Growing up, I was regularly told not to sit too close to the TV as it would damage my vision, but now virtual reality means its acceptable to strap a phone two inches away from your eyes. I also remember watching films about how robots would replace humans in everyday jobs, developing a mind of their own and now a robot completed a surgical operation on a grape.
The point I am trying to make here is how quickly technology has advanced in such a short period of time, so is this the prime time to invest in the industry or a time to be wary?
This year has seen some unique technology ETFs come to market including the Invesco Elwood Global Blockchain ETF (BCHN) and the iShares Electric Vehicles and Driving Technology ETF (ECAR). Since their inception, BCHN and ECAR have seen positive returns in their net asset values, rising 6.0% and 1.3%, respectively.
Communication technology is also advancing as we are now transitioning in to 5G, the fifth generation of mobile communication. As a result, Defiance ETF and Bluestar Indexes partnered to launch the Defiance 5G Next Gen Connectivity ETF (FIVG) in the US. FIVG is comprised of companies expanding or have already expanded in to the next generation. The ETF has seen its NAV increase 3% since its inception at the beginning of March.
While there remains a high level of interest from investors in the technology space, Steven Schoenfeld, founder of Bluestar Indexes, remains “cautious” having witnessed tech bubbles come crashing down before.
Schoenfeld says Bluestar, an index provider primarily for the US and Israel markets, is regularly speaking with clients regarding new technologies to expand in to. But to avoid another bubble or repeat of the dip seen in the equity market in Q4 2018, Bluestar is diversifying its product set and concepts for developed and emerging market equities as well as speaking with institutions about broader benchmark issues.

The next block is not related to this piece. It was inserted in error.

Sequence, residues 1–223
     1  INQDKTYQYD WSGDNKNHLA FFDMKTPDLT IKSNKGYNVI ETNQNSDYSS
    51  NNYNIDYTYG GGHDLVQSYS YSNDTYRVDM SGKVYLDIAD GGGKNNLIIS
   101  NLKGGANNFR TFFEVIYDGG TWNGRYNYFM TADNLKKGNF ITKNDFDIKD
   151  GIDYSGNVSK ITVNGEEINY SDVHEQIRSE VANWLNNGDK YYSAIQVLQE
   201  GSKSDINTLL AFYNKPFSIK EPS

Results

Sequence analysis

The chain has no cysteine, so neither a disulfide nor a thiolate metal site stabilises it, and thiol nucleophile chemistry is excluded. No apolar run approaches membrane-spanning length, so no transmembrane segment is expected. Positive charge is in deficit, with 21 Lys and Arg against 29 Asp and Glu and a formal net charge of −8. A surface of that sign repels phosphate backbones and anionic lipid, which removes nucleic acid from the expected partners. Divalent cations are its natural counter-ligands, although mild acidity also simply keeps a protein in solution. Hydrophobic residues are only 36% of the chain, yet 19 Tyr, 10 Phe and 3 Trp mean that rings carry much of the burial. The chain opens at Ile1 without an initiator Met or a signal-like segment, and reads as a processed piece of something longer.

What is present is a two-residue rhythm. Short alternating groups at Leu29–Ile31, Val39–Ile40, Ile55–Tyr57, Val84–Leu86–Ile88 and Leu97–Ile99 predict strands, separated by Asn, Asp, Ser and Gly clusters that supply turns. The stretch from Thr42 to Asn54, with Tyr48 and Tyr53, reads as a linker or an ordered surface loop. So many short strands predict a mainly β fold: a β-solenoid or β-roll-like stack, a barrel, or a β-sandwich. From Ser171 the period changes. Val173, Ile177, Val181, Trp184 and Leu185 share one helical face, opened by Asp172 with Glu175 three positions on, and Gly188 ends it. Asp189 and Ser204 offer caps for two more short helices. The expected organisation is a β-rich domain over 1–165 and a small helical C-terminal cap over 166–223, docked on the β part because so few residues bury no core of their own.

The SPDR MSCI World Technology ETF (WTEC) has only just recovered from its crash during Q4 2018, when its NAV dropped 22.4% in three months (see below).
For the future of technology, Schoenfeld believes there will be a development in thematic ETFs.
Schoenfeld explains: “Thematic has become almost a synonym for tech when it does not have to be. We have been working with potential issuers as well as thought leaders about the future.”
Within thematic technology, there are overlaps and gaps between definitions and which companies should be included. Looking at FIVG as an example, it includes the term “communication” in its benchmark. This definition differs widely from the S&P Communication Sector Index and has led to confusion within the industry. As a result, Bluestar will be carrying out research to define these gaps to offer products for ETF issuers.
There are new and unpredictable technology advances appearing so it is hard to determine where within technology ETF issuers will move in to next. Schoenfeld concluded by saying: “The innovations never cease and we are very excited about it.”